Flu vaccine providers hope to avoid last year's problems

Last year, getting a flu vaccination seemed about as difficult as getting tickets to a Rolling Stones concert or "The Producers" on Broadway.

Doctors offices and clinics were swamped with patients worried supply would run out before they got a shot.

After as many as 20 million doses were withheld from Chiron Corp. due to a contamination concern, shipments started coming up short. The Centers for Disease Control and Prevention recommended a tiered system of distribution in order to insure those most at risk were vaccinated.

This year, with Chiron expected to return as a vaccine manufacturer, health officials hope those seeking a shot won't need to camp out like Star Wars fans for a midnight showing.

Robert Kruml, right, gets a flu shot last November from medical assistant Gail Bailey, left, while his wife Florence waits after already receiving hers at the office of Dr. Zaid Shahla in Bonita Springs.


Robert Kruml, right, gets a flu shot last November from medical assistant Gail Bailey, left, while his wife Florence waits after already receiving hers at the office of Dr. Zaid Shahla in Bonita Springs.

Even with a special shipment of at least 200,000 dose being sent to shelters housing Hurricane Katrina victims, CDC officials said they expect a good supply this year.

So far Southwest Florida vaccine providers aren't having a hard time securing doses. And starting as early as Oct. 3 some will start distributing.

"Right now, we aren't expecting any shortages," said Michael Barnaby, spokesman for the Lee County Health Department. "Everything seems to be on schedule."

In Lee County the availability of doses seems good enough that the health department is moving away from its previous model of holding 50 to 60 public clinics. With nonprofit and corporate providers, along with private physicians, Barnaby said the groups were overlapping services.

Working in partnership with the Visiting Nurses Association (VNA), which plans to distribute at least 25,000 doses in Southwest Florida, and Maxim Health Systems, the health department decided to focus its resources on nursing homes and assisted-living facilities.

Maxim conducts clinics at major supermarket and pharmacy chains. Publix, Winn-Dixie and Walgreens are major clients. The company plans to distribute between 500,000 and 1 million doses in Florida, said Steve Wright, the company's national director of wellness.

In Collier County, the health department will still plans to hold at least 50 public clinics, in part because the network of private suppliers isn't as developed, said spokeswoman Kelly Robinson.

"The mixture of people offering shots isn't as good here," she said. "We feel like we can do a more efficient job because we have the staff in place to distribute them. We're good at getting mass numbers of people vaccinated."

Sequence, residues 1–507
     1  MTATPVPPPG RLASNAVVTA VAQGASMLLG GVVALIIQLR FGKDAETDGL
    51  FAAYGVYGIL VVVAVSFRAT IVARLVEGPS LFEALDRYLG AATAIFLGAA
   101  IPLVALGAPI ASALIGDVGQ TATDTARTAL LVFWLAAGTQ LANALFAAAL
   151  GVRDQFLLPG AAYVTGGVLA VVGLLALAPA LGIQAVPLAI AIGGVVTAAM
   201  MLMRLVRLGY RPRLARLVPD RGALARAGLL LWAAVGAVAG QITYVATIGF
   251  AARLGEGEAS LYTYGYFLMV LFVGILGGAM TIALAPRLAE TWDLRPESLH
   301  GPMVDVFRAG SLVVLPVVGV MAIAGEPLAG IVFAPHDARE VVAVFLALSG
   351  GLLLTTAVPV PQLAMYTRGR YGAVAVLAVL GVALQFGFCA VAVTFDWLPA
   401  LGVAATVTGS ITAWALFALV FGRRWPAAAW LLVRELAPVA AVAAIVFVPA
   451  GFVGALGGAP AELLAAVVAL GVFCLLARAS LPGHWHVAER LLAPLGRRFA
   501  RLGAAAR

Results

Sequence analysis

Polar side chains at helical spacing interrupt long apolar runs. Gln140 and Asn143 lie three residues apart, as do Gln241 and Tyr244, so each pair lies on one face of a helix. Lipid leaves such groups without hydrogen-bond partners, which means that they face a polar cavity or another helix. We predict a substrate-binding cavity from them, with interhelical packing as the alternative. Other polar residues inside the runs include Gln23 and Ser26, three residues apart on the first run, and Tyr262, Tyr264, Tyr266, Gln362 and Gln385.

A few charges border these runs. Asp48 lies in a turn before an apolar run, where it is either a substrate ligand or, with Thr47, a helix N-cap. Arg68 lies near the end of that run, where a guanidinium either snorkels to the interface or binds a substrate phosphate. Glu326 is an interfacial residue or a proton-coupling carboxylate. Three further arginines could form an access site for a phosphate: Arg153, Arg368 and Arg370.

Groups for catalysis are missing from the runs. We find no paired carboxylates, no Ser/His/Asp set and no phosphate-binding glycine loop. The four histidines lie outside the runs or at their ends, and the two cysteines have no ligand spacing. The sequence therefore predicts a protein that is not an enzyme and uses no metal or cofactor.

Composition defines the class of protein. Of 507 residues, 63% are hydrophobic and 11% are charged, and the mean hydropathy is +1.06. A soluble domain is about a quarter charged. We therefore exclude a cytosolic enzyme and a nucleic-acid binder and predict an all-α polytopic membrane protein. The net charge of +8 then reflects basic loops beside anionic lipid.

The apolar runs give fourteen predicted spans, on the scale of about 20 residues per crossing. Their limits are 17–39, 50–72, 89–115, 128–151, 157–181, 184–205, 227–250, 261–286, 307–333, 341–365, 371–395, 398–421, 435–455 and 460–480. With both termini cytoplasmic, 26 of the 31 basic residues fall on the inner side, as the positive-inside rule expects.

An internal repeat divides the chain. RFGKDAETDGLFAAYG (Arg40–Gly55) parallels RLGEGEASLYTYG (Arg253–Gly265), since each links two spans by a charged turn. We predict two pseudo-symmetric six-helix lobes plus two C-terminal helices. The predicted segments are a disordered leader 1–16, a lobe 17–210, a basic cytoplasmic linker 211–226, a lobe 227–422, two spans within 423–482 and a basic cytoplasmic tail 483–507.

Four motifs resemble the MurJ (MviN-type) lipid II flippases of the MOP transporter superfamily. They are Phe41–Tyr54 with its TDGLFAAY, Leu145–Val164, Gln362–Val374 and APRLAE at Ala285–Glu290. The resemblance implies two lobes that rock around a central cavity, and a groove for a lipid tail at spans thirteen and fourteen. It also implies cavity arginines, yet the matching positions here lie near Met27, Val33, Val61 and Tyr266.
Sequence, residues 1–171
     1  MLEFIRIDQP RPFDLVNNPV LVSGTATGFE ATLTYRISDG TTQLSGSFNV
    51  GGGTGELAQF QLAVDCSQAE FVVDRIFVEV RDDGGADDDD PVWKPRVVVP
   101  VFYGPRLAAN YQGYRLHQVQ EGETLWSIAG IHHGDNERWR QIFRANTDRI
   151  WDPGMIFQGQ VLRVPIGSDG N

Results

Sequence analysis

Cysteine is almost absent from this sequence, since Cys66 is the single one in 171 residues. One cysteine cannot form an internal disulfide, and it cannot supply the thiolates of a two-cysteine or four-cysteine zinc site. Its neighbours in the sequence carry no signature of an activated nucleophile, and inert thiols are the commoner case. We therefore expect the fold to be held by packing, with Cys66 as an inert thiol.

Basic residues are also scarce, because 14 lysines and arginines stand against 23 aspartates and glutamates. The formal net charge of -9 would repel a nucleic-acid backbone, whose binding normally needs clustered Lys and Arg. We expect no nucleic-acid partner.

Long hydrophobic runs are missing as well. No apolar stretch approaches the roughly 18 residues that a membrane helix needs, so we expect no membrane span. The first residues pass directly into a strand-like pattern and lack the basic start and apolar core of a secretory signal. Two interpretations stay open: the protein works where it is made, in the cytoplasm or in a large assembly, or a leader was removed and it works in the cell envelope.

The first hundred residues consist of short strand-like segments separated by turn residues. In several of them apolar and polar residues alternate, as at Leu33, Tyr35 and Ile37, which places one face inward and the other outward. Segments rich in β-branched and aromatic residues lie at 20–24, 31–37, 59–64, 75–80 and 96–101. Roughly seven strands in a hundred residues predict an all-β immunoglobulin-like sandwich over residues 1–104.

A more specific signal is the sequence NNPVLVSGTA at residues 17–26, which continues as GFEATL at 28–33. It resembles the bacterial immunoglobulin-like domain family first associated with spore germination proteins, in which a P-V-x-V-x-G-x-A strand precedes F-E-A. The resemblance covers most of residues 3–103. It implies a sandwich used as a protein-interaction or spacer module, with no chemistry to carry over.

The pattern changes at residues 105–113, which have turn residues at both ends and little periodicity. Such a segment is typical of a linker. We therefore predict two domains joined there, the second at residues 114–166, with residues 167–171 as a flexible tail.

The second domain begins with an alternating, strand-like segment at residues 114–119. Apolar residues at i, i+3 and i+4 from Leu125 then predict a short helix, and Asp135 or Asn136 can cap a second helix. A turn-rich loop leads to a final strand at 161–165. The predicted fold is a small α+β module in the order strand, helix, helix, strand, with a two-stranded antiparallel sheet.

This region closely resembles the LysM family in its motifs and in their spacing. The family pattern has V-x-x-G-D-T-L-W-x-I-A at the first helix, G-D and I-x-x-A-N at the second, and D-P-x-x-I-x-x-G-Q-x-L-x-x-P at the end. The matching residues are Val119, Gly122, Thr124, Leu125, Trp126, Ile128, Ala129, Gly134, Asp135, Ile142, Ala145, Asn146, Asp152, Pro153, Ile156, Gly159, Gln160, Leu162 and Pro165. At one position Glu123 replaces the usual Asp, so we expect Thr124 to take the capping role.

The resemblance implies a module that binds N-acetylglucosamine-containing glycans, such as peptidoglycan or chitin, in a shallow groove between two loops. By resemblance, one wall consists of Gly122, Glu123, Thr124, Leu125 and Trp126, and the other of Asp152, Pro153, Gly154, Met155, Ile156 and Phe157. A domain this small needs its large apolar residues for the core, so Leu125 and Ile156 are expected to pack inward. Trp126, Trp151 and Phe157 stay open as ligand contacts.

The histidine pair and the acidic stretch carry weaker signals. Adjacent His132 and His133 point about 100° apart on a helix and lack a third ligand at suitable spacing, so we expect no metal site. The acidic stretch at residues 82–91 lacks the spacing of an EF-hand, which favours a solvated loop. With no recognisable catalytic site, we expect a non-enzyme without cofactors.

For the first three weeks, vaccinations will go to those the CDC considers at high risk for contracting the illness, which can cause serious complications. Among those strongly recommended to get vaccinated are: people 65 years and older, people in long-term care facilities, people with chronic medical conditions, children between 6 and 23 months old, pregnant women and health-care workers.

Most shots are being offered for between $25 to $30, up slightly from last year because of new taxes on the doses, Wright said. All providers will bill Medicare Part B and Maxim does accept some insurance plans.

Starting Oct. 24 flu shots will be distributed to those without special needs. The tiered system is important to follow because despite current optimism about the availability of doses recent history says demand and supply don't always match up, Wright said.

Because making vaccinations is not a particularly profitable business, manufacturers don't want to make and health organizations don't want to order more than they can sell, he said. This helps explain why three of the past five years have seen shortages of some sort.

But Ann Vann, president of the local VNA chapter, said the scares end up keeping people away. Her group had doses to spare last year that weren't used because people didn't think there were any left, she said.

The Associated Press contributed to this report.

© 2005 marconews.com. All rights reserved. This material may not be published, broadcast, rewritten or redistributed.

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